Sorry for my lengthy silence—I have been somewhat overwhelmed with health issues and with revising my first novel manuscript, which is what prompted today’s post.
I have now completed six full-length novels (and one memoir). Along the way I have attended over a dozen writers’ conferences and learned a great deal about writing and publishing. Soon after my first writers’ conference, back in 2009, I gave up on trying to sell my first novel and focused on revising my second one and writing more. Although I felt that first book had a very compelling story, I was told that there would be no market for it because it doesn’t fit into any of the pigeon holes (specific genres) that publishers use to sell books.
At the end of January this year, flush with my success in finishing my sixth novel, I had the bright idea of pulling out that first manuscript to see what kind of revisions it might need after lying neglected for eight years.
The experience was both dismaying and encouraging. You see, when I was working on that book and trying to pitch it, people kept giving me advice about how to improve my writing and I thought I was already doing all those things. It was so frustrating. Despite my English degree, I didn’t know enough to know how to make things better.
This time, as I read through, it was as though the scales had fallen from my eyes. I found that I often slipped into omniscient POV, which is mostly frowned on these days. There were hundreds of unnecessary dialog tags and adverbs. The story, I was relieved to see, is still a powerful one (at least in my humble opinion), but it was not ready for the big leagues back in 2009.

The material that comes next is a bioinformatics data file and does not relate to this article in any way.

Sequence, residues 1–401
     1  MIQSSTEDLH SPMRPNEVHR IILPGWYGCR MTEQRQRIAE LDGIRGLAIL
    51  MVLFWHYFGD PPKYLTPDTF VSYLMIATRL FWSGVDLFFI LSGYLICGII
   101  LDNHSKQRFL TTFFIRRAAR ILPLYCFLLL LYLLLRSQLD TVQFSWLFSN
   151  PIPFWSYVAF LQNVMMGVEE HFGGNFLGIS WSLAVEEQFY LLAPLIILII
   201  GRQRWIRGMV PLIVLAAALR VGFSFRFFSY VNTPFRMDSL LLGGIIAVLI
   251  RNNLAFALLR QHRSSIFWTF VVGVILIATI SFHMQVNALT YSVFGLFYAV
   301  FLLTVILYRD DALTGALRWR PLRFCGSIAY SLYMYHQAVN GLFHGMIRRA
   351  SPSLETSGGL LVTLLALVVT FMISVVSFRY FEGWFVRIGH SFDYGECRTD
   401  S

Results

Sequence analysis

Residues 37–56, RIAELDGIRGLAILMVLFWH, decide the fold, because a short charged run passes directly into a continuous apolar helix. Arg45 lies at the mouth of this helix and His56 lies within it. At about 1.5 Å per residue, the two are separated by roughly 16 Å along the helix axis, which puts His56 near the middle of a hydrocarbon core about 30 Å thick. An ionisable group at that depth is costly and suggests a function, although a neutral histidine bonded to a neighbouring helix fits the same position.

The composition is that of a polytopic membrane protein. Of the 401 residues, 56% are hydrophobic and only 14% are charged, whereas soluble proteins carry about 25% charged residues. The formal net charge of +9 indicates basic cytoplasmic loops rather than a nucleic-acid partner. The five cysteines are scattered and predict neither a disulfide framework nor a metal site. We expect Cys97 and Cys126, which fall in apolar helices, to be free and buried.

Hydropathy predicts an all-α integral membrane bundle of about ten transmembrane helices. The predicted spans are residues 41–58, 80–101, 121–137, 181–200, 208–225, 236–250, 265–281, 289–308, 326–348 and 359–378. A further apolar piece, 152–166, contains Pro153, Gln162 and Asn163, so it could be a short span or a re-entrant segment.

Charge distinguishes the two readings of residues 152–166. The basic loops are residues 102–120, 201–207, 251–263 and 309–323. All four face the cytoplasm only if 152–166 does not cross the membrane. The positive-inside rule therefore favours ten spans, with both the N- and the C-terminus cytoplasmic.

I will no doubt go through it several more times using my “triple sifter” approach, but I don’t think I’ll be pitching it any time soon. It is indeed hard to categorize, and my vague plan is to be famous first and then self-publish this book once I already have legions of adoring fans.
So that was the looking back part. The huge benefit for me was the realization that I have indeed improved as a writer in the last eight years, which means that looking forward, I might have a real chance at finally finding an agent and a publisher.
What I’m trying to say is that relentless self-education does pay off. I’ve learned from writers’ conferences, books, and from my wonderful critique partners. I had three short stories published last year and this year I hope to do better. I now feel somewhat confident that I finally have the skills to pull it off.